Grilled Middle Eastern Vegetable Flatbread/Finch’s Beer Co. Fascist Pig Ale/The Hellacopters “Grande Rock”
We went back to one of our tried and true weeknight meals. Grilled flatbread using store bought naan. This time we went with grilled Middle Eastern Vegetable as our topping. Thinly sliced zucchini, squash and red onion are grilled then placed upon grilled naan that has been slathered with middle eastern hot sauce. The finishing touch is a liberal ribbon of hummus that gets swirled on top. Another beer from Chicago’s Finch’s Beer Co. gets sampled, their new Fascist Pig Ale. For the tunes, a classic album from The Hellacopters, “Grande Rock” was on the stereo.
Grilled Middle Eastern Vegetable Flatbread – This recipe is super easy and only consists of a few ingredients. The base is the middle eastern hot sauce that we refer to as Pita Inn’s hot sauce (recipe here). Once you have that made, we can move on to the veggies. We are using 1 zucchini, 1 yellow squash and 1 red onion. Using the thinnest setting on the mandolin slicer we basically shave the vegetables. Season with cumin, salt and pepper.
Get a grill going to a medium/hot fire and place a grill pan directly over the flame.
Add the sliced vegetables to the pan and stir with a couple of tablespoons of olive oil.
Cook over the open flame, stirring consistently until veggies are softened and charred in spots. Remove from heat.
Place the naan bread top side down on the grill and let toast for 30 seconds then flip and move to the cool side of the grill. Cover the bread with the hot sauce.
Next layer on the grilled vegetable mixture to cover the bread. Cover the grill and let cook for a couple of minutes.
Remove the flatbreads from the grill and drizzle on hummus that has been thinned out with a little lemon juice and tahini paste.
These get sliced into wedges and served. It’s been a while since we did a vegetarian dish, so these were a welcome (and tasty) change of pace. The firm veggies take on a meaty texture and smoky flavor when grilled, so this is our kind of vegetarian.
Finch’s Beer Company Fascist Pig Ale – Chicago’s Finch Beer Co. is slowly growing their canned line-up (now up to five offerings) which is a great thing. One of their latest is the curiously named Fascist Pig Ale. It is described as a red ale, which is way too non-descript for what is actually in the can. First off the color on the pour was closer to burnt caramel than red. It was murky as swamp water, so in other words, it’s a beautiful looking beer. The light tan head resembles marshmallow fluff that doesn’t so much disappear as it just slowly melts into the beer. The aroma has notes of apricot and sour citrus rounded out by some honey-like sweetness. There is a lot going on with the flavors. In one corner you have the fairly heavy mouthfeel, earthy malt sweetness and a good amount of booziness. In the other corner you have the liberal hopping bringing forth sweet but bitter apricot and passion fruit flavors. At 8% ABV, we’d peg this just a shade below a typical Imperial IPA. With all of the heavy hitting flavors, the beer is still pretty drinkable. It did not completely overwhelm the flatbread, but may have been a tad too much beer for the light fare.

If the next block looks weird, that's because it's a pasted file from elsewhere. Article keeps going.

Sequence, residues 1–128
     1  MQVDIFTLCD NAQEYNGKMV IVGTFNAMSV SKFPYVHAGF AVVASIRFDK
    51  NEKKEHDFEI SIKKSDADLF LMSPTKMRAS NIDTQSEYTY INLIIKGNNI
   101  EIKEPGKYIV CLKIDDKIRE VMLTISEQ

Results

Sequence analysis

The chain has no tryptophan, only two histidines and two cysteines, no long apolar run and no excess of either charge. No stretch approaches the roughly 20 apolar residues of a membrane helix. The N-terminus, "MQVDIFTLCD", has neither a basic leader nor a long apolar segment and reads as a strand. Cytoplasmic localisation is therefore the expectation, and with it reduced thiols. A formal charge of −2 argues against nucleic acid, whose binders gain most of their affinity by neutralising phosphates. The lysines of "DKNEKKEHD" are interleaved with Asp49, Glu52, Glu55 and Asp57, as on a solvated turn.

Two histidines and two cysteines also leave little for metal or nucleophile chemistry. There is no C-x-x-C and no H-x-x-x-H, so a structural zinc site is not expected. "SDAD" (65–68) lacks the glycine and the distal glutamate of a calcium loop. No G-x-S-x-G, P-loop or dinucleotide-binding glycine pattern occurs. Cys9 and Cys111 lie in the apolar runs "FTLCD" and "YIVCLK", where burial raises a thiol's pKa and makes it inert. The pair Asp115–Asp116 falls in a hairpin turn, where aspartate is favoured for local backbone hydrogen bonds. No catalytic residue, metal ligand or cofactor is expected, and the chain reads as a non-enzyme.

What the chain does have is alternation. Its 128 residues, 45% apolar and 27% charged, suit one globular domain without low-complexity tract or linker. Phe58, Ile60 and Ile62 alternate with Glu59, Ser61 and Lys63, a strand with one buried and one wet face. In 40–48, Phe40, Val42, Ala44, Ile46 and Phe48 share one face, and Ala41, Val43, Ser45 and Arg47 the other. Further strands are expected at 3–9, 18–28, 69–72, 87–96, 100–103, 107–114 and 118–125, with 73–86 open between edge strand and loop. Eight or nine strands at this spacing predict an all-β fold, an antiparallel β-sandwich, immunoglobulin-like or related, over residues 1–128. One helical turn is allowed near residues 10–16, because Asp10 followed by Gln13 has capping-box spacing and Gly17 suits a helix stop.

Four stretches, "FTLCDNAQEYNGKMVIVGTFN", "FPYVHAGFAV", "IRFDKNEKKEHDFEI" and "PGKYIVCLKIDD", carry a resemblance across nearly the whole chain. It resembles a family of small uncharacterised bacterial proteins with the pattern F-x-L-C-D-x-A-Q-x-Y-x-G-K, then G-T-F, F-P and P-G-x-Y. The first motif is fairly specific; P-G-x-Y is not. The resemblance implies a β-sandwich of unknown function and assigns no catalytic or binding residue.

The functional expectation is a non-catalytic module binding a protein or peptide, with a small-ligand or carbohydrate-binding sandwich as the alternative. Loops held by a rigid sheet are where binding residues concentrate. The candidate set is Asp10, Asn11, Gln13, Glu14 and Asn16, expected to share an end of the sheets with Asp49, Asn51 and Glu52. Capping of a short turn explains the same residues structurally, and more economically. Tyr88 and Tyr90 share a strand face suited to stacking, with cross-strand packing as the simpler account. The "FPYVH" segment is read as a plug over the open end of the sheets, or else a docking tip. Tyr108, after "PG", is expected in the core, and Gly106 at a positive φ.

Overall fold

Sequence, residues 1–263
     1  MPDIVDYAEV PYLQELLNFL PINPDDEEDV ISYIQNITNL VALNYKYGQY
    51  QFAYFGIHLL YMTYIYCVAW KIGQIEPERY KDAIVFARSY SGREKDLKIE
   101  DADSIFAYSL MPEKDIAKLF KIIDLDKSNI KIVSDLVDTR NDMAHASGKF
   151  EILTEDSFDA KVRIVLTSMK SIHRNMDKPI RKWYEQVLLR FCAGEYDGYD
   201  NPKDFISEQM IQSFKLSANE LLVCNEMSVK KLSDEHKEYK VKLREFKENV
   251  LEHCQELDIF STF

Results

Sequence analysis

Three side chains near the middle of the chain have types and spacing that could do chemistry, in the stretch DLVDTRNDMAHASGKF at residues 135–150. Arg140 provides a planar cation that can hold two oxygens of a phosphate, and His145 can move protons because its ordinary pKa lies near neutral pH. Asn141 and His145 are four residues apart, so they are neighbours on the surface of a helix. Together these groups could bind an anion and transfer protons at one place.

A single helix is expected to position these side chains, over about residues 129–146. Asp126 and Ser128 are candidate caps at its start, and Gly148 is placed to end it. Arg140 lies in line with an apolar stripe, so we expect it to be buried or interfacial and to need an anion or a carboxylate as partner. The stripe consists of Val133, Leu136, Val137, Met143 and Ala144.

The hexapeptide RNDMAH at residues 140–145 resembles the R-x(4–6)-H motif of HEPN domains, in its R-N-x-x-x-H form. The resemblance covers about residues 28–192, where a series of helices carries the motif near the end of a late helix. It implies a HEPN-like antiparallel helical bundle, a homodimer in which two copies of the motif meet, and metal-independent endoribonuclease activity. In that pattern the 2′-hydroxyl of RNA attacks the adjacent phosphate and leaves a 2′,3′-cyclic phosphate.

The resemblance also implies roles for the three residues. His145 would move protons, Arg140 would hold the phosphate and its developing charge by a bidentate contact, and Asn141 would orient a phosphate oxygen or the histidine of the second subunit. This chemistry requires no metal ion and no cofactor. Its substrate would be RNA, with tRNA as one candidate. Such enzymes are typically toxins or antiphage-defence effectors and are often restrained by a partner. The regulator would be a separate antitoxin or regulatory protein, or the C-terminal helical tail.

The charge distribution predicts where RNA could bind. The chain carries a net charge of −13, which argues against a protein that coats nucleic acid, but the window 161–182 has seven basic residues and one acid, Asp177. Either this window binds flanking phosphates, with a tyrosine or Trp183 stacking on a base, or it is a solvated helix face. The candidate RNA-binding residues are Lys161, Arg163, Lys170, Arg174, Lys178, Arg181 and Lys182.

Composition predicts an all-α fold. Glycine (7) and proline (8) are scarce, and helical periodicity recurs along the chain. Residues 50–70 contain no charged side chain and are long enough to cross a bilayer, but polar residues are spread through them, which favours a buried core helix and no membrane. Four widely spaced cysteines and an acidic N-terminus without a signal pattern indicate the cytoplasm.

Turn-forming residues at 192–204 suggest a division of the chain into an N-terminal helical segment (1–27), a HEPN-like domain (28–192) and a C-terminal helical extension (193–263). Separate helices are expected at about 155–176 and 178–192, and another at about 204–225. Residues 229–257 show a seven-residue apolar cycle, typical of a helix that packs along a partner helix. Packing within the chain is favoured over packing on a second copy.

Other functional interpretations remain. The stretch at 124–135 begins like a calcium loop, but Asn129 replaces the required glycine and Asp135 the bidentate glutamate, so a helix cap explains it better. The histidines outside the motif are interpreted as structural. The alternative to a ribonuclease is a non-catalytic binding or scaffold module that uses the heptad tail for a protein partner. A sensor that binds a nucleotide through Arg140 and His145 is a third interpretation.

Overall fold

The Hellacopters “Grande Rock” – Here’s a funny story about this album. One of our buddies had just bought it when it came out and was cranking it in his car when he came by to pick us up for a night of drinking. When we asked what band it was, he told us he got his hands on some early Kiss demos that were just released. (Side note: This was 1999, so Kiss had just reunited for the first time with all four members just a couple of years before, so Kiss fever was running high. Nowadays after their 15th reunion with only 1/2 the original band, not so much.) Anyway, we listened to the catchy guitar hooks, the helium-voiced vocals and thought at least on a couple of songs, “Hmmm, that could be Ace and Paul…” The opener “Action De Grace” has that trademark Space Ace guitar tone but the song itself is faster-paced than any Kiss song, sounding more like The Datsuns. The solo is downright blistering on this track. “Alright Already Now” puts on another guitar clinic. Add a little honky tonk piano and a catchy call and response chorus and you’ve got the blueprint of this band’s sound. With “Move Right Out of Here” you hear the band’s progression into the more boogie-oriented twin guitar attack that came increasingly more prominent on subsequent albums. The mid-tempo “Welcome To Hell” is a nice slice of retro sounding 70’s rock. “The Electric Index Eel” blurs the line between punk and 80’s speed metal all done with a pop catchiness. Perhaps the most Kiss sounding track on the album is, um, “Paul Stanley”. A mixture of “Mr. Speed”, “Calling Dr. Love” and “C’mon and Love Me”. “Venus In Force” has an almost early Dire Straits blues rock sound. It’s heavier, fuzzier and faster paced, so it may just be the Knopfler-esque guitar work and the organ. A huge riff kicks off “5 Vs. 7” which is one of the best on the album. The best track on the album goes to “Lonely”. The lick is equal parts Chuck Berry and Skynryd. Great catchy chorus as well. The closing track is “Renvoyer”, which is also the albums heaviest despite the harmonica at the beginning. The guitars sound as thick as ever, the drums are played at a breakneck pace on this instrumental. Grande Rock was our first introduction to The Hellacopters way back when. The albums that followed may be a little better start to finish, but this one will always have a soft spot with us.